Back in 2011, the Brooklyn art world and incredulous citizens at large were first introduced to Marni Kotak, the performance artist who infamously gave birth in a gallery.
Her piece, entitled "The Birth of Baby X," meant to reveal, in the artist's words, "this amazing life performance that ... is essentially hidden from public view." The endeavor was called, among other things, "bad art."
Now Kotak is back, with another equally taboo and potentially aggravating endeavor. Now, the artist is going off her medication -- wait for it... wait for it -- for the sake of art!
In 2012, Kotak began taking a "cocktail of anti-psychotic, anti-depressant, and anti-anxiety medication" as treatment for postpartum depression, she explained to The Daily Beast. For a six week performance, Kotak will withdraw from all pills, potentially mentally unraveling before an audience. The project aims to address issues of the pharmaceutical industry and US medical system.
Microscope Gallery explains more thoroughly in their press release:
Mad Meds incorporates new works in photography, video, and sculpture situated within an ideal environment – such as a gold-leafed bed, fluffy photo pillows, blankets and rugs, exercise and meditation equipment – created by Kotak to facilitate her attempt to gradually reduce her medical dosage to zero. With Mad Meds Kotak suggests an alternative approach to dealing with “madness”, one in contrast to her own traumatic experience as a inpatient of a hospital psych ward, and reflects on the possibility of a med-free existence.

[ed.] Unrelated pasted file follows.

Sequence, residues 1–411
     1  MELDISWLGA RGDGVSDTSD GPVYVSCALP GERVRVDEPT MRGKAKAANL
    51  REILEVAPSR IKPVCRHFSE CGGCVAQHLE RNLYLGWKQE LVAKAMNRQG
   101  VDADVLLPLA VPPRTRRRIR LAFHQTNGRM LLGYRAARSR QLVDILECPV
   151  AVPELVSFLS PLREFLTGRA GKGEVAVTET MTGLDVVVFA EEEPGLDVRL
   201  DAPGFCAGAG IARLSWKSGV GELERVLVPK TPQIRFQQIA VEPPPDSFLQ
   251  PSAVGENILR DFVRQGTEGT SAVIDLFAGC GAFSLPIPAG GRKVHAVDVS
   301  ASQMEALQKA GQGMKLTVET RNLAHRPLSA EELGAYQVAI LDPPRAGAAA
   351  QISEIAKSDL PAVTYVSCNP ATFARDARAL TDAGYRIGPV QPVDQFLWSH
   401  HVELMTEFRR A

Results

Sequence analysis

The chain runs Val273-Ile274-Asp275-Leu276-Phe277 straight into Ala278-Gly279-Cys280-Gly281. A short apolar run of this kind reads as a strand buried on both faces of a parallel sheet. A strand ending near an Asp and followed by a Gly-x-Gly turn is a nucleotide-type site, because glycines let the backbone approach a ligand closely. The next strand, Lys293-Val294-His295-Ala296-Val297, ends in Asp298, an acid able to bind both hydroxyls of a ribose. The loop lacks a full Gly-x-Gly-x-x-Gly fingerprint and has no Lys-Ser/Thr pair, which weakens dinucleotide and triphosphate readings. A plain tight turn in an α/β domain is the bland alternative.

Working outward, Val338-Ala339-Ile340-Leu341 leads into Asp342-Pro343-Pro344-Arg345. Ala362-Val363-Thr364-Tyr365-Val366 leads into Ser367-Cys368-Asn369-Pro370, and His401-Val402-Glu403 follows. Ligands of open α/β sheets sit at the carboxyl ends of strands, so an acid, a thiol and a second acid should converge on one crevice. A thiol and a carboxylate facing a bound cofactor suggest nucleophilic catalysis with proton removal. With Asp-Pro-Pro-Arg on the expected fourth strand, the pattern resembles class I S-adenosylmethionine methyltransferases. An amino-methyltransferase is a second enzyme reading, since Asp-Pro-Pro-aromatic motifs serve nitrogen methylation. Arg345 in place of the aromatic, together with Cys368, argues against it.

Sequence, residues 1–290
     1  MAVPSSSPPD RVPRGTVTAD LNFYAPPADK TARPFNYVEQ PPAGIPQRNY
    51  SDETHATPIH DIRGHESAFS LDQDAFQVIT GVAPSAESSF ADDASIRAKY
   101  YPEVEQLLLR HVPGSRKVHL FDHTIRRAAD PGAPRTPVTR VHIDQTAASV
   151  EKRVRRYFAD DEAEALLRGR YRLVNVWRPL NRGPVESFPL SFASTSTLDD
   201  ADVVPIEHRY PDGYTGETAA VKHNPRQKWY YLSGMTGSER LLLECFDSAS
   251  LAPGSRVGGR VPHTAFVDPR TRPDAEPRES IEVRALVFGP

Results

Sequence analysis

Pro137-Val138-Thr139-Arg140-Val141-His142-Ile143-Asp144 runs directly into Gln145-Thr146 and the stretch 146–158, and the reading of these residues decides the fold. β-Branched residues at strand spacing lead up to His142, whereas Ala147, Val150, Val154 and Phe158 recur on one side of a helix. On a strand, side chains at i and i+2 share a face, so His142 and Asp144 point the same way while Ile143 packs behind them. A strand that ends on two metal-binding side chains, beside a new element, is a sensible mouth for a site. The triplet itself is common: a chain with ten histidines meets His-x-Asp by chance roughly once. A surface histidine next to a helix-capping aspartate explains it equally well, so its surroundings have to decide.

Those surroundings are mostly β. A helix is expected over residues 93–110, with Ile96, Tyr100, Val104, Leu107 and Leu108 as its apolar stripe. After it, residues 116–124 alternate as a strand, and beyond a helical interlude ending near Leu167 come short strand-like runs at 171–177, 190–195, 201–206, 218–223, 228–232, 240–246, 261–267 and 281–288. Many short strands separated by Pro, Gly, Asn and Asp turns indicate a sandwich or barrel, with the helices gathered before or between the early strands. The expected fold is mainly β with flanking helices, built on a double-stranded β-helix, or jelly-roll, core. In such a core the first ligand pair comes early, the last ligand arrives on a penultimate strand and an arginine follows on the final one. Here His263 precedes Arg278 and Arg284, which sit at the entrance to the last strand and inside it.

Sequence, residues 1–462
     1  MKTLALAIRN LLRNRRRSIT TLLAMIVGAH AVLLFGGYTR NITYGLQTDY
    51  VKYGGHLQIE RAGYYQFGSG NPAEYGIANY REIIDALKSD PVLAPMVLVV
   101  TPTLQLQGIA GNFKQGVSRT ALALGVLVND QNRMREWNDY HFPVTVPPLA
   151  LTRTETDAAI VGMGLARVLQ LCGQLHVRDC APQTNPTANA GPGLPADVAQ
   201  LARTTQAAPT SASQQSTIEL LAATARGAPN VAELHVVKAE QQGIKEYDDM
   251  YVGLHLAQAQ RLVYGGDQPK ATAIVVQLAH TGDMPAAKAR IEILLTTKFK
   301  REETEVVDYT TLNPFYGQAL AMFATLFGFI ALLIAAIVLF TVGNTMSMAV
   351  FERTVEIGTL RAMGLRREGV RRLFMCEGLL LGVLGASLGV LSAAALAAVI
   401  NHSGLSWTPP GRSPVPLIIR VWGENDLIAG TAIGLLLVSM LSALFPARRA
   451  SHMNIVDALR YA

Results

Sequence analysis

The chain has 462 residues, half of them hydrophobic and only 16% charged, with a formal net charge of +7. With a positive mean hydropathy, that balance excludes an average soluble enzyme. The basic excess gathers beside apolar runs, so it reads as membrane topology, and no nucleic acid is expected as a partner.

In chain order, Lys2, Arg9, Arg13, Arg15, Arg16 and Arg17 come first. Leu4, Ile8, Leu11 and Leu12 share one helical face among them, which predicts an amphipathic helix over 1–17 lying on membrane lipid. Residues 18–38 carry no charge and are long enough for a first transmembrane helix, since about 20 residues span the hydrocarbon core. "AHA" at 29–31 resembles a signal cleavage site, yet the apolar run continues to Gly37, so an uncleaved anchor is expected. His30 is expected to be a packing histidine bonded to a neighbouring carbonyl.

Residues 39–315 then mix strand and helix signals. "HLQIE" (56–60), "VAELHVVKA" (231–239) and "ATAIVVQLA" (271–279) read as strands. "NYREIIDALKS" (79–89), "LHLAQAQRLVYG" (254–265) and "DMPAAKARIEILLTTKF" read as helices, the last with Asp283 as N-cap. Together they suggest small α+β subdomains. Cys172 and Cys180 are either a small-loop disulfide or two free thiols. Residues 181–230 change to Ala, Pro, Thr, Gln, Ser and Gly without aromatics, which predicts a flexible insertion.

Kotak has always used her life experiences as the stuff of artistic material. "With my performances I think of myself as a vessel for other people to imagine themselves doing something like this," she explained to the Daily Beast. "I don’t think our society has offered people many models of how to safely get off medication."
The 39-year-old artist also hopes to illuminate the often restricted topic of mental health, particularly for women, through her work. As she explained to Hyperallergic: "Part of this project is that I want to get other women who have had other experiences with mental health issues to share their stories... Because I just feel like the world needs to hear these stories. And people need to be able to tell them and it needs to be safe."
While we're all in favor of open conversations regarding women's mental health, there are many potential problems with this piece. As Sophie Weiner explained in AnimalNY: "Projects like this one which seem to imply that mental illness is a scam made up by doctors — and shame those who need medicine to function — perpetuate the stigmatization of these illnesses that so many suffer from." At the very least, Kotak is doing little to help the masses comprehend the legitimacy of performance art.
Do you see Kotak's project as inspirational or infuriating? Let it all out in the comments.
MAD MEDS runs until August 25 at Microscope Gallery in Brooklyn.
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